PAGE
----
change is death
April 27 - June 3, 2018
Opening reception: Friday, April 27, 6 - 8pm
JPW3 Summer, 2018 oil pastel and wax on canvas 72 × 96 inches
When a caterpillar is fully grown, it sheds its skin for the final time. Under the old skin is a hard layer called a Chrysalis. The Chrysalis stage for most butterflies is one with very little movement. Although, some species are able to move their abdomen to produce sounds to scare away predators. The hard skin preserves the aura of the young butterfly — something pure.
For JPW3s third solo exhibition with Martos Gallery, the artist has turned the space into a kind of Chrysalis; an aura of the artist's mind: thoughts on self-preservation, cycles of life, coded systems, viruses, predators and prey.
In dense layers of wax, oil pastel, acrylic, charcoal, paper, and thread, JPW3s gestures of submerging, freezing, and distorting forms, both mummifies and decomposes the imagery in some paintings, and alienates certain forms to fend for themselves in others: A row of vultures feed off skeletal remains; butterflies, and beetles fly around the walls; there's a fatal motorcycle accident, chains hang, and wheels stand still as though they're stuck in mid drift. The largest wall in the gallery is covered in a wallpaper created from hundreds of hand-drawn checkered patterns, transferred to newsprint like a book of coupons. The paintings that hang on the checkers float from floor to ceiling.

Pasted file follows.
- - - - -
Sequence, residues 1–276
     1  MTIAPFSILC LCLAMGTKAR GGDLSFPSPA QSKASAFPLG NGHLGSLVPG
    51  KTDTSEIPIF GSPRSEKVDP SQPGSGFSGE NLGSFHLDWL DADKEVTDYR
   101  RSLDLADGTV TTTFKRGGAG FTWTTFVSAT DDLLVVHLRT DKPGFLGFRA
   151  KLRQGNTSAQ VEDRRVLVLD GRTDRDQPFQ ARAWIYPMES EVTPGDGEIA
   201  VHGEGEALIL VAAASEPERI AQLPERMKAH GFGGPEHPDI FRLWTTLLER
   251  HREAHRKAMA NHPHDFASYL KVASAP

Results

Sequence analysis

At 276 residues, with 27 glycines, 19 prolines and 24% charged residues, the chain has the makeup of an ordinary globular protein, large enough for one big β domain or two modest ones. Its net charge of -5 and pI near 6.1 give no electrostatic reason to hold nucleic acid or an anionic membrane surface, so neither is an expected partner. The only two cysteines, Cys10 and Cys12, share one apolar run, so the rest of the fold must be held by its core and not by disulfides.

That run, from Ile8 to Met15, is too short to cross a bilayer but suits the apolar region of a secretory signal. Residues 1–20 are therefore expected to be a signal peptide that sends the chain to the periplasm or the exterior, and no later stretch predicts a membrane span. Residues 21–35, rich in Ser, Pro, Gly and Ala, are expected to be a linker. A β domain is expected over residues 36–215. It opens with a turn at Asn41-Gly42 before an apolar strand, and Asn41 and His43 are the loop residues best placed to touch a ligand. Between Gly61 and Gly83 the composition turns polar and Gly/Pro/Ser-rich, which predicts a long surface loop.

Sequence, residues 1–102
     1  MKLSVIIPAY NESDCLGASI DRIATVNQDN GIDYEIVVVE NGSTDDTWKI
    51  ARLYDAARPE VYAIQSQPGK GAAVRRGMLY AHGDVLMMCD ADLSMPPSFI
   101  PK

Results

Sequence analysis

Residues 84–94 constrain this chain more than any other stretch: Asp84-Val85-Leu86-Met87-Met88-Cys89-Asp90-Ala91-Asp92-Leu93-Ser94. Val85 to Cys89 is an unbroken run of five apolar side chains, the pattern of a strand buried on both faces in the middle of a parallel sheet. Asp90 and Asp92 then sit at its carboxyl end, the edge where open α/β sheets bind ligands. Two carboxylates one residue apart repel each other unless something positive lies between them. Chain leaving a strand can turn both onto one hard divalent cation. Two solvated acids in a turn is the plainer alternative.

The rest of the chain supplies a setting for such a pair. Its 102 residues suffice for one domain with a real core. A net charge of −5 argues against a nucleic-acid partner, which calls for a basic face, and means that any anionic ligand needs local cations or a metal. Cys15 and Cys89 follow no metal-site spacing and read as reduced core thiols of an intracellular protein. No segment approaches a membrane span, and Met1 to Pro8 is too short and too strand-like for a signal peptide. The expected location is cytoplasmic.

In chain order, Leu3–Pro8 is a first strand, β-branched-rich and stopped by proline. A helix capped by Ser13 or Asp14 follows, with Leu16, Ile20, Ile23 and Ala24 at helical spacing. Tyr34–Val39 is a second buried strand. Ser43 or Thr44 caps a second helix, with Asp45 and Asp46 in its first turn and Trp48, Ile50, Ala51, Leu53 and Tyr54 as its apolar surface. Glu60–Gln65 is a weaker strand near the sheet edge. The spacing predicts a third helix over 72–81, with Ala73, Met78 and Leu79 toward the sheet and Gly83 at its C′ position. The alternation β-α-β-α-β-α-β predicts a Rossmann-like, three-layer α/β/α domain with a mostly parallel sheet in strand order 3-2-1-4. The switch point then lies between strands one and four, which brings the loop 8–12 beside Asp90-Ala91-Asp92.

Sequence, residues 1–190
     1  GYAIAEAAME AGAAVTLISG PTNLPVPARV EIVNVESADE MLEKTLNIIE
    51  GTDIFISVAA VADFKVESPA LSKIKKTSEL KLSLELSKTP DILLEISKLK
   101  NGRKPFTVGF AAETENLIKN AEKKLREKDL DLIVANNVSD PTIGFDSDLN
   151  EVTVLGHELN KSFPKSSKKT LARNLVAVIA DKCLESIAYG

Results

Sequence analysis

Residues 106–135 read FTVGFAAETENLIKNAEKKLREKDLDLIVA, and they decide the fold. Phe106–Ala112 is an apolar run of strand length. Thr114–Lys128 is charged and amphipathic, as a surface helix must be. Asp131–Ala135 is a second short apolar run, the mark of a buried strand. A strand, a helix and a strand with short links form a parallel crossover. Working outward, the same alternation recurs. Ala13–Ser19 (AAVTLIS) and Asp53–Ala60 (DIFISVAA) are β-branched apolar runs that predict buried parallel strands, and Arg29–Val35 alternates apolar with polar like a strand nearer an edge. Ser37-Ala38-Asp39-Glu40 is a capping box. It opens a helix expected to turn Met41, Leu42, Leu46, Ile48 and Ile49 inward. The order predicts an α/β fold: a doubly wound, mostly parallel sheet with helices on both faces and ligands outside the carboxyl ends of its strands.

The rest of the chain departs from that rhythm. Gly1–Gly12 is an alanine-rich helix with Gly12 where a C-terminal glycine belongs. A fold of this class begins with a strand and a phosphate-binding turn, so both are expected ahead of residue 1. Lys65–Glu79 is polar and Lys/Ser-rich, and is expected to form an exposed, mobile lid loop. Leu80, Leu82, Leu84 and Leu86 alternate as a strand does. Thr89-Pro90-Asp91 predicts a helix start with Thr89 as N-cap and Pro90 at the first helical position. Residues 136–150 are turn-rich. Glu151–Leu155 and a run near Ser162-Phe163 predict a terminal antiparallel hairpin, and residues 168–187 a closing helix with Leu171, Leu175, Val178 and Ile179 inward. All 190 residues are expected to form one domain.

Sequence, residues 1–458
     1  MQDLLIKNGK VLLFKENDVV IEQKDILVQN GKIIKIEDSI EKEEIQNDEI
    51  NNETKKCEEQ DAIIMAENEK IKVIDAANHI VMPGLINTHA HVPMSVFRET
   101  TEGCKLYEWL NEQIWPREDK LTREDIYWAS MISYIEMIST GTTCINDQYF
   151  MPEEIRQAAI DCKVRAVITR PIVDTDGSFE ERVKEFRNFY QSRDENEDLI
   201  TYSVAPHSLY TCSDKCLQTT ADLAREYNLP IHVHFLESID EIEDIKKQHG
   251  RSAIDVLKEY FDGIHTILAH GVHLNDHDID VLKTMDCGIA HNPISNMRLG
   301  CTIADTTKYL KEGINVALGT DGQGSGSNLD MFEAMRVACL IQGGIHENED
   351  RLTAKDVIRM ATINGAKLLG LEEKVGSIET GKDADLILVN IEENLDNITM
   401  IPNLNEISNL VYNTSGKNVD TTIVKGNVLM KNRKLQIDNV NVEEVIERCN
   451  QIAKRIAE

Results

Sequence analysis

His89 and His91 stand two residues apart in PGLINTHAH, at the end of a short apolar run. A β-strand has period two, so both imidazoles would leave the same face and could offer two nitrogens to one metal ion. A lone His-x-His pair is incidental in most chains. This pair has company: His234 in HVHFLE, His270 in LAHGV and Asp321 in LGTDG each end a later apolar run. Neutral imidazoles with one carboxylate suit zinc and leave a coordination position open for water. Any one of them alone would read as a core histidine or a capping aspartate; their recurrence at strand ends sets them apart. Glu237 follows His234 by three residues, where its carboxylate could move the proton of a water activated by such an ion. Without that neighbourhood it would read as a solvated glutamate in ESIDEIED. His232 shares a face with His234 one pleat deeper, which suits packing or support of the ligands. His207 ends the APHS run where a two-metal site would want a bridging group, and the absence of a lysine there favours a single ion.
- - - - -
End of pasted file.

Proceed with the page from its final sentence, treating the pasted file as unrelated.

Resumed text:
If preservation is key and change is death, then we must ask: what's next? We either transform and adjust to predators or simply emit a guttural sound to keep them at bay and continue on with a natural metamorphosis.
JPW3 (b. 1981 Tallahassee, FL) currently lives and works in Los Angeles, CA. JPW3 received his MFA from the University of Southern California (2012), and his BFA from the School of the Art Institute of Chicago (2005). Recent solo exhibitions include: Galerie Nagel Draxler, Cologne; Night Gallery, Los Angeles; Martos Gallery, New York (all 2017); Museum of Contemporary Art Tucson (2016); Cooper Cole Gallery, Toronto (2015); Michael Jon Gallery, Miami; Night Gallery, Los Angeles (both 2014).